The chosen heir of his late grandfather, Gianni Agnelli, said Exor ensured that all its companies were focused on business continuity.
“This has included detailed assessments of their liquidity positions, taking actions to reduce cash outflows and ensuring effective access to financing through debt markets and banking partners, with the crisis being a good reminder of who these partners really are.
“Each company has also looked at ways to reschedule its investments and reduce costs. However, mindful of the businesses’ long-term health, we have emphasised the need to maintain essential investments and to support our partner companies, including critical suppliers and dealers.”
Elkann said Exor supported the communities its companies operated in, such as buying and donating ventilators and personal protective equipment for frontline healthcare providers. Technical and engineering skills were applied pro bono to boost production at Siare, Italy’s only producer of ventilators. Exor’s 3D printers in European plants were repurposed to produce face shields for health authorities and a plant in China was converted to produce and donate face masks. The conglomerate equipped five bio-ambulances and 500 other vehicles for medical relief efforts in Italy while in Brazil Exor helped create a field hospital and fund initiatives to provide basic hospital care to low income families.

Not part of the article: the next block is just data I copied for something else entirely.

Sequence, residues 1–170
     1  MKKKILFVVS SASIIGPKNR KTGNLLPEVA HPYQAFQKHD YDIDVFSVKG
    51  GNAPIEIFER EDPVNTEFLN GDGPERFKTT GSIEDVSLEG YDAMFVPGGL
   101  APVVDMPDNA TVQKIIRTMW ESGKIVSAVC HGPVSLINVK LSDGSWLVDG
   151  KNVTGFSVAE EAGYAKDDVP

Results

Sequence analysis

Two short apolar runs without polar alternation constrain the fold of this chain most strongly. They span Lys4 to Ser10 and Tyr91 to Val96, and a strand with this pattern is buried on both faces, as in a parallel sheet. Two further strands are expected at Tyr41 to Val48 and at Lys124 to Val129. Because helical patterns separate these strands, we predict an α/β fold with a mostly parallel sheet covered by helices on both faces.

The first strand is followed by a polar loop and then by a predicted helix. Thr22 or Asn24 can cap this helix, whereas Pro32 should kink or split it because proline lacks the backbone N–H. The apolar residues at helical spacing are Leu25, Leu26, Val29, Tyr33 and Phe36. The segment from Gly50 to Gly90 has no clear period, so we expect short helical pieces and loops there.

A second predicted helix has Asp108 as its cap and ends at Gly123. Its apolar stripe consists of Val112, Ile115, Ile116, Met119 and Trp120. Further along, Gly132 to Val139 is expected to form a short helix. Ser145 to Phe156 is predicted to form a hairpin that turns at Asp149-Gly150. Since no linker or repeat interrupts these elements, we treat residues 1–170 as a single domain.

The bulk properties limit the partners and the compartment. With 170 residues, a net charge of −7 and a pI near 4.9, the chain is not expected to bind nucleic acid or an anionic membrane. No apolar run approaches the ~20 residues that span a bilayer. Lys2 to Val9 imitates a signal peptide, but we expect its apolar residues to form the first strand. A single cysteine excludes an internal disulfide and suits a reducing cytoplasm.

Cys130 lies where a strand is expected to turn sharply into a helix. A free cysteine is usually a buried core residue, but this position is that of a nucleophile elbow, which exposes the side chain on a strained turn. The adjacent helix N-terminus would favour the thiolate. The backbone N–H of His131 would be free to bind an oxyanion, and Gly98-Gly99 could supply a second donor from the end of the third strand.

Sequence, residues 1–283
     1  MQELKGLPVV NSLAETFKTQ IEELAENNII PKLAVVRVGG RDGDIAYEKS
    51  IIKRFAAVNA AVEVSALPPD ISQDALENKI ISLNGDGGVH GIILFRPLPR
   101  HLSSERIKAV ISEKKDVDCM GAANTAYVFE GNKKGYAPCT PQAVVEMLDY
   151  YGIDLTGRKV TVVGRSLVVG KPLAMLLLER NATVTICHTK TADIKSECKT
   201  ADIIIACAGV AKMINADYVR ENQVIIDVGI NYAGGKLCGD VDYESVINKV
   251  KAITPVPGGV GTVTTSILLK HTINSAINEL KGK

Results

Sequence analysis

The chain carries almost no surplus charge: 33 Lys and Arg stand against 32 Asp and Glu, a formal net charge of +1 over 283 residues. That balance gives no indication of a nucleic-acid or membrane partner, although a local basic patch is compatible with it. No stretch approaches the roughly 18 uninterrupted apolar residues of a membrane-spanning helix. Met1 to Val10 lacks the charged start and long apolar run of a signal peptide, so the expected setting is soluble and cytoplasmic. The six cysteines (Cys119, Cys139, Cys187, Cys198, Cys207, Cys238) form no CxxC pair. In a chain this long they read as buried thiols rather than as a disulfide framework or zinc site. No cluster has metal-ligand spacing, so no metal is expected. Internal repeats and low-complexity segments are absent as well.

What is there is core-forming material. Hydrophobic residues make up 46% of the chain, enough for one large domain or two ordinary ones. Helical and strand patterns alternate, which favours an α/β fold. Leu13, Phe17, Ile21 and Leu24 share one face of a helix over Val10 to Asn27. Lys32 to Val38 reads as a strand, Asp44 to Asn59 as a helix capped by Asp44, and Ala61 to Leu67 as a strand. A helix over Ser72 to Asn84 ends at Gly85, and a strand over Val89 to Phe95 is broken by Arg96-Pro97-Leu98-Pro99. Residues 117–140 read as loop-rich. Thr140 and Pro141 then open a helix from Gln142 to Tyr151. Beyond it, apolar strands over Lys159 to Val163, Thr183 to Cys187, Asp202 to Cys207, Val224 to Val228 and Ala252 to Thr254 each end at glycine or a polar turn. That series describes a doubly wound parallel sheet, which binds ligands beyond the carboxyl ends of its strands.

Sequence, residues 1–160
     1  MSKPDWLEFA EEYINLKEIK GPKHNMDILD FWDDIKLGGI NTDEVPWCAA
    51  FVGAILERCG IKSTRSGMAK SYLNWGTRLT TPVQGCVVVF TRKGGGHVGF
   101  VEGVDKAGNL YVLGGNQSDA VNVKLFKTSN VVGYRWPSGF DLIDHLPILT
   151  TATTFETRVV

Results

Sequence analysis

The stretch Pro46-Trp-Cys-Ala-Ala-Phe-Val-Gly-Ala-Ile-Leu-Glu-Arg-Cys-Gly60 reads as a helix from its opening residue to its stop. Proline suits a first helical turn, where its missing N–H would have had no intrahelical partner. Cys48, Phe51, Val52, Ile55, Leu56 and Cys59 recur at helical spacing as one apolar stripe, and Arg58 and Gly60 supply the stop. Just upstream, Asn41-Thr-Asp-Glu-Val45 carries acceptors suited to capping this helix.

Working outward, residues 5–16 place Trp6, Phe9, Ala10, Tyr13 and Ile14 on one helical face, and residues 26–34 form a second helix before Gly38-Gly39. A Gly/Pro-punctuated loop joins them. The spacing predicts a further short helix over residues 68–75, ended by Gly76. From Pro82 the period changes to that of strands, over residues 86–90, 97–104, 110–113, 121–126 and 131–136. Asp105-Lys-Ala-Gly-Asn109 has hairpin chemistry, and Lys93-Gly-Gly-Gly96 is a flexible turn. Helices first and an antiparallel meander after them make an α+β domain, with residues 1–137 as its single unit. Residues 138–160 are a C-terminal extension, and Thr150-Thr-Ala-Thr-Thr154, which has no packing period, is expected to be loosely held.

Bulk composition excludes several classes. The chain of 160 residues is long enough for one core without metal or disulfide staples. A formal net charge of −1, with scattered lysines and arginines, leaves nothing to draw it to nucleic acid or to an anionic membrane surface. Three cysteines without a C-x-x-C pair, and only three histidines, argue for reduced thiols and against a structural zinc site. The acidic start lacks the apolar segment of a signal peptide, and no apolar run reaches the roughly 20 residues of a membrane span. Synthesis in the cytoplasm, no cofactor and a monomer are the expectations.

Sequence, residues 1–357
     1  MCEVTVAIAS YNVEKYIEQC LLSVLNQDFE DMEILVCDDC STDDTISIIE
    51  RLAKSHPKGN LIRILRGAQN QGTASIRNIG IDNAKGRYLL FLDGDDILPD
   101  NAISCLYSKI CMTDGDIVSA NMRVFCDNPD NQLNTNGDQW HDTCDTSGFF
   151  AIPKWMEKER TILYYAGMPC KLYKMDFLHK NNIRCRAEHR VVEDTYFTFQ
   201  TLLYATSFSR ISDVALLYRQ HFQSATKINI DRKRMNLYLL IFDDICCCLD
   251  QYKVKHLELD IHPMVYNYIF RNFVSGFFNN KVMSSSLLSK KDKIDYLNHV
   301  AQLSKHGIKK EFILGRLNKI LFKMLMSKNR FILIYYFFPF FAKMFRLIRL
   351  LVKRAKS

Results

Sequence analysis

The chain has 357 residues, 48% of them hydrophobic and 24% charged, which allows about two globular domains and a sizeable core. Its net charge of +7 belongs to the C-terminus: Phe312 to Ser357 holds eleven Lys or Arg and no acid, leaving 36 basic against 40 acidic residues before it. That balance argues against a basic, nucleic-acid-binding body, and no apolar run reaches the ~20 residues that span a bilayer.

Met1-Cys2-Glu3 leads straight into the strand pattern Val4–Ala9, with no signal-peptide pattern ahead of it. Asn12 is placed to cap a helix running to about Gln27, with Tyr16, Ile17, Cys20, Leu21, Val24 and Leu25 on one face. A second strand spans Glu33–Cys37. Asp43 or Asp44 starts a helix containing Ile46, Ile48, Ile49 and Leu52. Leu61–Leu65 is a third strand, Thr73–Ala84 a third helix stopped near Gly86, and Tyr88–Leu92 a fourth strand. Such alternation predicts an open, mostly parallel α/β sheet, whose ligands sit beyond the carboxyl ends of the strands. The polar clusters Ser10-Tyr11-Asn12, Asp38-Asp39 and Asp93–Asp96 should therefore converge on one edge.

“The importance of Exor’s values has become very evident during the last few weeks, with the leaders and directors of our companies adding to our corporate actions by personally sacrificing some or all of their compensation for this year,” Elkann said.
“At Exor we have done the same and will work with the Agnelli Foundation to channel these resources into an education initiative to help address the Covid-19 learning challenges faced by schools and students both today and as the current restrictions are lifted.”